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JAMA. 1999 Jul 21;282(3):267-70.

Pharmacist participation on physician rounds and adverse drug events in the intensive care unit.

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  • 1Department of Health Policy and Management, Harvard School of Public Health, Boston, Mass 02115, USA.

Erratum in

  • JAMA 2000 Mar 8;283(10):1293.

Abstract

CONTEXT:

Pharmacist review of medication orders in the intensive care unit (ICU) has been shown to prevent errors, and pharmacist consultation has reduced drug costs. However, whether pharmacist participation in the ICU at the time of drug prescribing reduces adverse events has not been studied.

OBJECTIVE:

To measure the effect of pharmacist participation on medical rounds in the ICU on the rate of preventable adverse drug events (ADEs) caused by ordering errors.

DESIGN:

Before-after comparison between phase 1 (baseline) and phase 2 (after intervention implemented) and phase 2 comparison with a control unit that did not receive the intervention.

SETTING:

A medical ICU (study unit) and a coronary care unit (control unit) in a large urban teaching hospital.

PATIENTS:

Seventy-five patients randomly selected from each of 3 groups: all admissions to the study unit from February 1, 1993, through July 31, 1993 (baseline) and all admissions to the study unit (postintervention) and control unit from October 1, 1994, through July 7, 1995. In addition, 50 patients were selected at random from the control unit during the baseline period.

INTERVENTION:

A senior pharmacist made rounds with the ICU team and remained in the ICU for consultation in the morning, and was available on call throughout the day.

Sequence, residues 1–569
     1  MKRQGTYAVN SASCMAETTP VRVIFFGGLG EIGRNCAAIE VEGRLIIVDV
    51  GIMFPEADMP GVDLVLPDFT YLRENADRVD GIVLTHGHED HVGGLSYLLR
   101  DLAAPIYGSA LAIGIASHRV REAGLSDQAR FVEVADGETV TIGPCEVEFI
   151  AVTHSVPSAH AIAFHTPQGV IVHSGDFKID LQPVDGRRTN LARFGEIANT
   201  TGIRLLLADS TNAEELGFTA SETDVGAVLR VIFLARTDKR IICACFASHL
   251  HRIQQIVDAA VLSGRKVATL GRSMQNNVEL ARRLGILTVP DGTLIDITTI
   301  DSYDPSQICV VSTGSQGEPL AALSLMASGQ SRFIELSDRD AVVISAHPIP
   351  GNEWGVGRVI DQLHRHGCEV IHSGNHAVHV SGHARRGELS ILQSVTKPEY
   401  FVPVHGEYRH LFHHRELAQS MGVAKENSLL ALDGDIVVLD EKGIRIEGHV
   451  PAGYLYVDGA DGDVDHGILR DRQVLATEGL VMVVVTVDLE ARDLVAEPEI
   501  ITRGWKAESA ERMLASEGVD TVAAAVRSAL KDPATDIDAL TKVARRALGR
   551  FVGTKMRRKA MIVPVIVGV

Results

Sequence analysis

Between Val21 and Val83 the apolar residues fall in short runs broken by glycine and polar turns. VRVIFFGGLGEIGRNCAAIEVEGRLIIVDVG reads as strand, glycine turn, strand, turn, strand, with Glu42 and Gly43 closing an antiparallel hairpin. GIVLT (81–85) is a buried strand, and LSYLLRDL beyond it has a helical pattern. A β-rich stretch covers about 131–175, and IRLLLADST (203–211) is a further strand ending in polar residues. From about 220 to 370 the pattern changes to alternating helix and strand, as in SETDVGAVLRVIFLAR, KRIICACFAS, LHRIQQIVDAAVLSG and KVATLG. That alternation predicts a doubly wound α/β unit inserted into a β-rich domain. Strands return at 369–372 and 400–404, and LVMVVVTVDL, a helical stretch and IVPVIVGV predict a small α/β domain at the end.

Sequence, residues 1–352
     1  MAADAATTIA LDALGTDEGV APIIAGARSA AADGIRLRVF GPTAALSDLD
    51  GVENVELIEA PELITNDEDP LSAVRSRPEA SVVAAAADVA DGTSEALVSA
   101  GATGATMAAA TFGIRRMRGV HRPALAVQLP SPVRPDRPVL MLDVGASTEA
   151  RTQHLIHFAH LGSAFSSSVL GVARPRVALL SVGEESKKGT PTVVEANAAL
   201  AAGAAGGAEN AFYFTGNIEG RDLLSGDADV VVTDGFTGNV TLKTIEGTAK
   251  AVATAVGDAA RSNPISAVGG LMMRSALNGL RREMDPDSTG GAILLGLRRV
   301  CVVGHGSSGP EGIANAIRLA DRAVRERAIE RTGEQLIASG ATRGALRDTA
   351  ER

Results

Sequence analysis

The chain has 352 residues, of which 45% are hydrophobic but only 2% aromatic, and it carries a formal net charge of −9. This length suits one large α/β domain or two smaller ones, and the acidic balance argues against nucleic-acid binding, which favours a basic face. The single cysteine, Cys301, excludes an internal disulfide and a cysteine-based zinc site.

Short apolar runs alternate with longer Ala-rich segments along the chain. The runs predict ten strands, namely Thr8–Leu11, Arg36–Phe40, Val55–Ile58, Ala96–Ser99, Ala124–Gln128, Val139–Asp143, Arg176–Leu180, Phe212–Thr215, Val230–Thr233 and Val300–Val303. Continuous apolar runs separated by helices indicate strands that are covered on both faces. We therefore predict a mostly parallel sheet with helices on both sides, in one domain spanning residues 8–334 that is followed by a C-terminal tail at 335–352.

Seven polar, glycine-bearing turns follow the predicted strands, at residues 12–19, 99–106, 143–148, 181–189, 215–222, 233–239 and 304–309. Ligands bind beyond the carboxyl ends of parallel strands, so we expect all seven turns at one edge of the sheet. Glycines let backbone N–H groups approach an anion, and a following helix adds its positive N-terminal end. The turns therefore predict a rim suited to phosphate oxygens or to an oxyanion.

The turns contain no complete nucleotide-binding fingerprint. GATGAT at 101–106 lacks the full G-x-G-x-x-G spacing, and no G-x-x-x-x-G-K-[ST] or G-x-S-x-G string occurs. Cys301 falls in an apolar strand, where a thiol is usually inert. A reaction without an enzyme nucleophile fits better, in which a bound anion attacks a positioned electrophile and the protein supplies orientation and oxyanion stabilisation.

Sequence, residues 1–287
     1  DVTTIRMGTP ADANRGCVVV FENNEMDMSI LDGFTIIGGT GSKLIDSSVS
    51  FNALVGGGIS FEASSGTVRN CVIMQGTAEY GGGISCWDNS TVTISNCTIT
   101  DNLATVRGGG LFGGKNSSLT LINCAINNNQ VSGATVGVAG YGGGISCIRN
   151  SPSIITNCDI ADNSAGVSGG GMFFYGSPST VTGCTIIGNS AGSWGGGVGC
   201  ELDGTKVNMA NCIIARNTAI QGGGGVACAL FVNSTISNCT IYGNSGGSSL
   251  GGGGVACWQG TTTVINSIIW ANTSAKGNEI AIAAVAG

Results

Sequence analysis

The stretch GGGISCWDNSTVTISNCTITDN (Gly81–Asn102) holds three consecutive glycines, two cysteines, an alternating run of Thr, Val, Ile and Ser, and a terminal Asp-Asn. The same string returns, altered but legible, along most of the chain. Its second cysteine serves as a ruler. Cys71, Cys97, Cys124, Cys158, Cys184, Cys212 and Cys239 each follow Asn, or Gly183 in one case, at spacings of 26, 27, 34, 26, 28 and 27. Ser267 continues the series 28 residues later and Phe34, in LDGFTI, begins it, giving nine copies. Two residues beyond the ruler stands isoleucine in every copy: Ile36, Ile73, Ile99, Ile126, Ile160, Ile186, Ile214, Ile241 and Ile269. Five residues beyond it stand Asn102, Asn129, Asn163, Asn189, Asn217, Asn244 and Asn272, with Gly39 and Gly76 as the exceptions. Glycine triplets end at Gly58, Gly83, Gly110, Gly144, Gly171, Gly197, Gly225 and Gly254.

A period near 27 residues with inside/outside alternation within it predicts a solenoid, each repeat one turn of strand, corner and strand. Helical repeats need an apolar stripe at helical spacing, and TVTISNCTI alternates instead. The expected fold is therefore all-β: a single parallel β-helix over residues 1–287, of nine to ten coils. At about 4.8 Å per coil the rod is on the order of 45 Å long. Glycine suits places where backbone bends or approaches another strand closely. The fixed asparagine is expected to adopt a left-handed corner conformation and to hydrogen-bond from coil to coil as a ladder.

MAIN OUTCOME MEASURES:

Preventable ADEs due to ordering (prescribing) errors and the number, type, and acceptance of interventions made by the pharmacist. Preventable ADEs were identified by review of medical records of the randomly selected patients during both preintervention and postintervention phases. Pharmacists recorded all recommendations, which were then analyzed by type and acceptance.

RESULTS:

The rate of preventable ordering ADEs decreased by 66% from 10.4 per 1000 patient-days (95% confidence interval [CI], 7-14) before the intervention to 3.5 (95% CI, 1-5; P<.001) after the intervention. In the control unit, the rate was essentially unchanged during the same time periods: 10.9 (95% CI, 6-16) and 12.4 (95% CI, 8-17) per 1000 patient-days. The pharmacist made 366 recommendations related to drug ordering, of which 362 (99%) were accepted by physicians.

CONCLUSIONS:

The presence of a pharmacist on rounds as a full member of the patient care team in a medical ICU was associated with a substantially lower rate of ADEs caused by prescribing errors. Nearly all the changes were readily accepted by physicians.

Comment in

PMID:
10422996
[PubMed - indexed for MEDLINE]
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